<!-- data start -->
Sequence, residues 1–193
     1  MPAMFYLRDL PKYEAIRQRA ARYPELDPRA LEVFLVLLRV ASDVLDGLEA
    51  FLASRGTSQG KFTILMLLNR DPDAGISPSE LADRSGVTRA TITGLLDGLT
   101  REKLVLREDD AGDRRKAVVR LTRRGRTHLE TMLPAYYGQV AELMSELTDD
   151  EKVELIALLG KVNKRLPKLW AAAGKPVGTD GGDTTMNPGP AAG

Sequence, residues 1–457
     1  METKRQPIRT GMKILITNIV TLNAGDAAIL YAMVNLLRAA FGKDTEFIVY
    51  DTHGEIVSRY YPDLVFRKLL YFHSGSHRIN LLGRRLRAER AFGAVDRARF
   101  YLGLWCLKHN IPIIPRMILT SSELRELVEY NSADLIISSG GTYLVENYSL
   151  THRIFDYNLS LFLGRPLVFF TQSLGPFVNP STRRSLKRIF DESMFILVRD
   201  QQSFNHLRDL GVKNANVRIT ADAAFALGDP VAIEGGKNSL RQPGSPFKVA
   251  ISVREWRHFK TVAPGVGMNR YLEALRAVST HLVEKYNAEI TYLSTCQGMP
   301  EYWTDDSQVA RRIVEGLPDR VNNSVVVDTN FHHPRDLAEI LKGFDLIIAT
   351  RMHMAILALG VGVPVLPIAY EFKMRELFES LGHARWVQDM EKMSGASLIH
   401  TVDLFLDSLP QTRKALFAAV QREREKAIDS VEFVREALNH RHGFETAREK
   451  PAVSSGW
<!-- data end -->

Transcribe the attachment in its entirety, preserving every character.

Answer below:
Sequence, residues 1–193
     1  MPAMFYLRDL PKYEAIRQRA ARYPELDPRA LEVFLVLLRV ASDVLDGLEA
    51  FLASRGTSQG KFTILMLLNR DPDAGISPSE LADRSGVTRA TITGLLDGLT
   101  REKLVLREDD AGDRRKAVVR LTRRGRTHLE TMLPAYYGQV AELMSELTDD
   151  EKVELIALLG KVNKRLPKLW AAAGKPVGTD GGDTTMNPGP AAG

Sequence, residues 1–457
     1  METKRQPIRT GMKILITNIV TLNAGDAAIL YAMVNLLRAA FGKDTEFIVY
    51  DTHGEIVSRY YPDLVFRKLL YFHSGSHRIN LLGRRLRAER AFGAVDRARF
   101  YLGLWCLKHN IPIIPRMILT SSELRELVEY NSADLIISSG GTYLVENYSL
   151  THRIFDYNLS LFLGRPLVFF TQSLGPFVNP STRRSLKRIF DESMFILVRD
   201  QQSFNHLRDL GVKNANVRIT ADAAFALGDP VAIEGGKNSL RQPGSPFKVA
   251  ISVREWRHFK TVAPGVGMNR YLEALRAVST HLVEKYNAEI TYLSTCQGMP
   301  EYWTDDSQVA RRIVEGLPDR VNNSVVVDTN FHHPRDLAEI LKGFDLIIAT
   351  RMHMAILALG VGVPVLPIAY EFKMRELFES LGHARWVQDM EKMSGASLIH
   401  TVDLFLDSLP QTRKALFAAV QREREKAIDS VEFVREALNH RHGFETAREK
   451  PAVSSGW